- 56mm (The telephoto camera)
The only minor annoyance is that combination 3 almost always doesn’t work on the stock camera app on iOS 11.3 due to it defaulting to the wide camera in 2x mode. I usually just launch Procam to activate the telephoto camera manually.
With the four combinations above, I don’t really need to carry my X-E3 with me during the day. I can just scout for vantage points using my iPhone X and the New Wide Lens.
Good enough image quality for a broad daylight camera
Image quality is great enough for posting photos on Instagram. In fact, I would say that I’m using this as my primary “broad daylight” camera on holidays 90% of the time. The remaining 10% are the times where I would sling the X-E3 with the XF50-140MM F2.8 as a telephoto camera.
Edge and corner sharpness take a visible hit from the stock iPhone lens, but we’re talking about images from the iPhone anyway, they’re never going to match up with a prime lens on a Full Frame or APS-C camera.
To manage your expectations though, the image quality is nowhere near good enough for A4 prints or for 5K wallpapers. Realistically speaking I would only use images taken during magic hour for these anyway.
New Superfish Lens V2
This rectilinear fisheye gives you an even wider 15mm point of view. I’m not a big fan of the fisheye effect but this is pretty useful when you want to squeeze a lot of landscape in, like say in a tall office building. It’s also noticeably smaller and pocketable than the New Wide Lens.
Image quality a step down from the New Wide Lens, but still decent
I personally think that most Fisheye lenses throw image quality out of the window with distortion, but it seems that the images taken with this lens are still well worth posting online or printing small.
New Tele Portrait Lens V2
This is a 2x teleconverter that converts the wide camera into a 56mm equivalent and the telephoto camera into a 110mm equivalent.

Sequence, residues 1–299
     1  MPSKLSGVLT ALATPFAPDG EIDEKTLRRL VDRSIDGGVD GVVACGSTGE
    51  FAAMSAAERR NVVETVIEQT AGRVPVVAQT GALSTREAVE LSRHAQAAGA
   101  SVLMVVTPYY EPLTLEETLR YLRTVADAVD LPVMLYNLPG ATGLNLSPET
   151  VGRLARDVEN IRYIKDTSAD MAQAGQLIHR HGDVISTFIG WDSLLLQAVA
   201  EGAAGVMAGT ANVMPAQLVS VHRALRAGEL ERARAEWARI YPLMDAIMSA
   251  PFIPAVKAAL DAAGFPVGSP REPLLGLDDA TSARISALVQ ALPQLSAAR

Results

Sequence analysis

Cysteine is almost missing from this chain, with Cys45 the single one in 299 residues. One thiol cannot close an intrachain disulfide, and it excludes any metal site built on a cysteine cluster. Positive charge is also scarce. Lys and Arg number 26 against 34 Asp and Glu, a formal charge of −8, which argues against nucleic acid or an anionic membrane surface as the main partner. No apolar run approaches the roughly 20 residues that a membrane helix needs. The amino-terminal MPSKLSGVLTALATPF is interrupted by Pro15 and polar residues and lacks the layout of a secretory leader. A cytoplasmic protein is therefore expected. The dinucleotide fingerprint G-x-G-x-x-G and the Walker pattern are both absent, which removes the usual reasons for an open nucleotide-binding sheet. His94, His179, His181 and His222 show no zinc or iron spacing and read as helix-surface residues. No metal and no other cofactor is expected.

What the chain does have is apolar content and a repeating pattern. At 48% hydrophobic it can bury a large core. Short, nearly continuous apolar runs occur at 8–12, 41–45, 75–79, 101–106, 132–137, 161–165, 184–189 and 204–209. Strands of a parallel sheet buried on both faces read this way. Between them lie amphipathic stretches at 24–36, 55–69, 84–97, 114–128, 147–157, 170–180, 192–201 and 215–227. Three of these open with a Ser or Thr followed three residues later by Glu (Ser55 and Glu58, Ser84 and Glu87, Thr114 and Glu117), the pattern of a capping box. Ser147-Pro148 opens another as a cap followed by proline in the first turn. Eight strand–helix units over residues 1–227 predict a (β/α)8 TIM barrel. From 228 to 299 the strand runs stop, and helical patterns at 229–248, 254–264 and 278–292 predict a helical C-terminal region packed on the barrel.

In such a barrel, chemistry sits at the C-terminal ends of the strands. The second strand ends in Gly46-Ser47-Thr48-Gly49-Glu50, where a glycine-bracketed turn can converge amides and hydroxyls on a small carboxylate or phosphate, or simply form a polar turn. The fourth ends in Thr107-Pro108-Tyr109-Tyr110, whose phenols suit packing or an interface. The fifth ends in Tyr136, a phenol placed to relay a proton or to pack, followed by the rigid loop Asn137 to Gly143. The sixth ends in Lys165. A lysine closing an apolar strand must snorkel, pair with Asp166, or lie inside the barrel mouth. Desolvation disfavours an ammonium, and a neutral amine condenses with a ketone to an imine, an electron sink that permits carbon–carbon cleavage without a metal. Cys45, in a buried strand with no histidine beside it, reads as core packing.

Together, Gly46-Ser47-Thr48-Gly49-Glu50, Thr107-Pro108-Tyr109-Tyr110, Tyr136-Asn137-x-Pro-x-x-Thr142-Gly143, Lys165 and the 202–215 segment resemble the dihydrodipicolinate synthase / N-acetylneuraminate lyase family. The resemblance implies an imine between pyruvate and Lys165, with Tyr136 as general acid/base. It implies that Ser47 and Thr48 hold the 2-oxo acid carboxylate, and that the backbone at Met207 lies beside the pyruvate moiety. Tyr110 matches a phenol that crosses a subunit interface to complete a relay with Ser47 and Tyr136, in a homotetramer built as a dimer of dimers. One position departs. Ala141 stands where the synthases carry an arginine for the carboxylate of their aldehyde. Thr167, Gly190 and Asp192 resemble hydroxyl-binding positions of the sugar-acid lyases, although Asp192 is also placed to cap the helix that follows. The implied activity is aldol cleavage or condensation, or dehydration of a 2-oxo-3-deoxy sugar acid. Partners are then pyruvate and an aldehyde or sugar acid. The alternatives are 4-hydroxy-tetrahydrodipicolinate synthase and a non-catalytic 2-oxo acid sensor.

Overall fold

Image quality a big step down
This lens only maintains some sharpness in the centre. Edges and corners are noticeably worst, even for posting online. Sharpness on the telephoto camera on the iPhone X is noticeably better.
To Moment’s credit, they do mention on their site that this was designed to be a “Portrait” lens where your subject tends to be in the centre and having the edges blurred out is a “desirable” quality. It’s also extremely difficult to produce a teleconverter with minimal image quality loss.
I find that its use for landscapes is extremely limited though, unless your subjects tend to be in the centre all the time or you favour the vignetting effect.
Photo Case for iPhone X
Really decent build quality for the price and your only choice for the Moment ecosystem. If only they could apply some of Apple’s curvature continuity on its edges.
New Wide Lens V2
As mentioned above, this is my favourite moment lens due to its decent image quality and versatility with the two cameras on the iPhone X. Its use as a daytime scouting camera alone makes it worth the price. Buy this lens before you buy any of the others.
New Superfish Lens V2
This is a worthy add on to your kit once you have the case and the wide lens. Even if you’re not into the Fisheye effect, it can give you an even wider field of view with a decent image quality.
New Tele Portrait Lens V2
This is the most “specialised” lens of the lot. With the noticeable softness around the edges and corners, you need to manage your expectations before investing in it. I bought one anyway for “Emergency” Instagram landscape shots as it fits easily in the coat pocket
If you found this review useful, please use the link below to get your first moment purchase. It gives me a small commission that will help me write more of these posts.
A note on future proofing
With the exception of the New Telephoto Lens, I would expect both the New Wide Lens and the New Superfish Lens to be future proof with the next few generations of the iPhone in terms of mount compatibility. I think we have to manage our expectations when it comes to image quality.
The V1 lenses are unusable with the newer iPhones due to the larger lenses on the iPhone, Moment seems to have future-proofed that to a certain extent with the V2 lenses. You should be safe for a couple of generations until Apple decides to increase the physical size of the cameras dramatically.